Books reflect our lives and the times that we are living, as the details that form the content weave cultural elements of any given place and time into the words. For this reason, seeing a children’s book about school gardens is a heartening symbol of our current society. It signifies the exciting fact that parents and kids are recognizing the school garden as a common entity.
The new book, “Our School Garden!” by Rick Swann, works to spread that shared experience through his unique layout that mixes verse, lessons and history. We enter the story through the character of Michael, who is starting his first day at a new school in a new city. From his perspective, we get introduced to their thriving school garden, his new friends, and the learning that goes on throughout the year. Each page presents a topical verse, from “The Enormous Carrot” to “Pill Bugs” to “Harvest Day!” which is linked to a short informative lesson on the next page. My favorite is “Three Sisters” where Michael describes planting corn, squash and beans with Julie and Simon. On the next page, we learn about “companion planting” and the reasons that the Native Americans chose these three crops to grow together. Another great section is “Homonym: One Word, Many Meanings” in which we hear about all the ways the word “bank” is used within the context of Michael’s garden, ie: food bank, snow bank, seed bank, etc. Through the concept of a homonym, the important idea of donating to food banks is introduced.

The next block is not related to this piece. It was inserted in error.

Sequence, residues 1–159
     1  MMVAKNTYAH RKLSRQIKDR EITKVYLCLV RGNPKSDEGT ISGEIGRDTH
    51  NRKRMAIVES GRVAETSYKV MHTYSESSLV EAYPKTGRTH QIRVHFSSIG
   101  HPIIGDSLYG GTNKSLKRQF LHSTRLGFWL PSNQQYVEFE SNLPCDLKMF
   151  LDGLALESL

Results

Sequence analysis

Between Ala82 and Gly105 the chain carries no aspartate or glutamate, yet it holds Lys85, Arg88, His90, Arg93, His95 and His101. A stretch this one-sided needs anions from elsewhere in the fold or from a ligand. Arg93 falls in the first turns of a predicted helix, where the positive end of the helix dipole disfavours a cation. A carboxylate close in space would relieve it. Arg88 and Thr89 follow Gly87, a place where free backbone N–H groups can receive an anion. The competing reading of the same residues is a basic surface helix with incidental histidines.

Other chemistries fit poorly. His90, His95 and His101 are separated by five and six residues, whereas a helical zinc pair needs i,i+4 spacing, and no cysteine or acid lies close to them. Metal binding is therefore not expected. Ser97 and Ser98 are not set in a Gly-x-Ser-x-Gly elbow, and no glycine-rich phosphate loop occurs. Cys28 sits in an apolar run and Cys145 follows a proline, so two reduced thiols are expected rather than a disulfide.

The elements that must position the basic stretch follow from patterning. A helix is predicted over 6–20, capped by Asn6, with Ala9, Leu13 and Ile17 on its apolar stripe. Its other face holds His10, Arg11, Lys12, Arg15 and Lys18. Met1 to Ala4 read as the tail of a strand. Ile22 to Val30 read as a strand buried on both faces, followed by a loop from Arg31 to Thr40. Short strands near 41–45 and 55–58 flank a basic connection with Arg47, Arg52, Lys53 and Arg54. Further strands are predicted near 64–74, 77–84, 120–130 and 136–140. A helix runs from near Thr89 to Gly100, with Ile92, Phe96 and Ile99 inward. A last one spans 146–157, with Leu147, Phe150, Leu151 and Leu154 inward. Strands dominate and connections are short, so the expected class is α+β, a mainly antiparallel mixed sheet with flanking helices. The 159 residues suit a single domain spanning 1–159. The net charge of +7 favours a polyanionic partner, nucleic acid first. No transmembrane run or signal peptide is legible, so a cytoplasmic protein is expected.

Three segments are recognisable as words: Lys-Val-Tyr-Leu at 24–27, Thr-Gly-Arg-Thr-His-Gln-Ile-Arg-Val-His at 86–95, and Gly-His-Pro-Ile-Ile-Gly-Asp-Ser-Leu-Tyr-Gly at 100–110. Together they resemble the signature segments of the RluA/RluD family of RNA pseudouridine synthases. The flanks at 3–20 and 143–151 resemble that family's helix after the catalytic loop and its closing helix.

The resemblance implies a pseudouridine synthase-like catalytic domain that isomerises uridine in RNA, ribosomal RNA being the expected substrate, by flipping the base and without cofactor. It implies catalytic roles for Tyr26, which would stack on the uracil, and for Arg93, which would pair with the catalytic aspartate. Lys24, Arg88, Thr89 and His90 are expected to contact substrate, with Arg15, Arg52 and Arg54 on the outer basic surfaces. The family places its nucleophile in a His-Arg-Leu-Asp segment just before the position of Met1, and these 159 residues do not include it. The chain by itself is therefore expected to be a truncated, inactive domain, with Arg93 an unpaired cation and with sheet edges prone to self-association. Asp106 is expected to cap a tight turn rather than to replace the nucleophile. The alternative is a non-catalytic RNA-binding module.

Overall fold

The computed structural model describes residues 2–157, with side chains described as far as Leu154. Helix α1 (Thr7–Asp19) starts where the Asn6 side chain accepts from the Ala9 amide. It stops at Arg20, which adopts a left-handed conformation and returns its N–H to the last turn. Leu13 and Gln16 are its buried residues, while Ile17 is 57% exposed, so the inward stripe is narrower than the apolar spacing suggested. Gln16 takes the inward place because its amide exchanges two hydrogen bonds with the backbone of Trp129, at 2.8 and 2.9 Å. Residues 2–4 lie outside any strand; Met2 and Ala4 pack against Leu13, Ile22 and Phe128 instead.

The beautiful illustrative work of Christy Hale lends a perfect visual component to this book, capturing the vibrant colors and dreamy scenes that make up a year in a garden. She brings the reader into each page by offering lots of textures, backgrounds and small details to focus on while also maintaining emphasis on Michael as a character and the garden through his eyes.
Swann is an elementary school librarian in Seattle, and something that started inspiring him to delve into the subject of gardening was his research that uncovered the long history that gardens in schools has had. We get some of this knowledge in Michael’s “Found Poem” verse, along with a lesson about victory gardens during World War I and II and even today at the White House. The Author’s Note at the very end gives us even more insight about the history of Swann’s specific school, and really emphasizes why our country felt compelled to create these special spaces for learning and why it is important to keep that trend alive and well.
For parents and teachers, the author has also included a list of resources and recommendations for other good books about the subject. His website, www.rickswann.com, dives even more into the topic, offering more historical references and images of historic community garden posters, as well as a curriculum guide that has activities to pair with all the poems in the book. He also offers a few fun examples of his own stopmotion animation, up to date blog posts, and a variety of presentations that he is happy to bring to your school.
– Amber Turpin, Life Lab Staff and Civil Eats Writer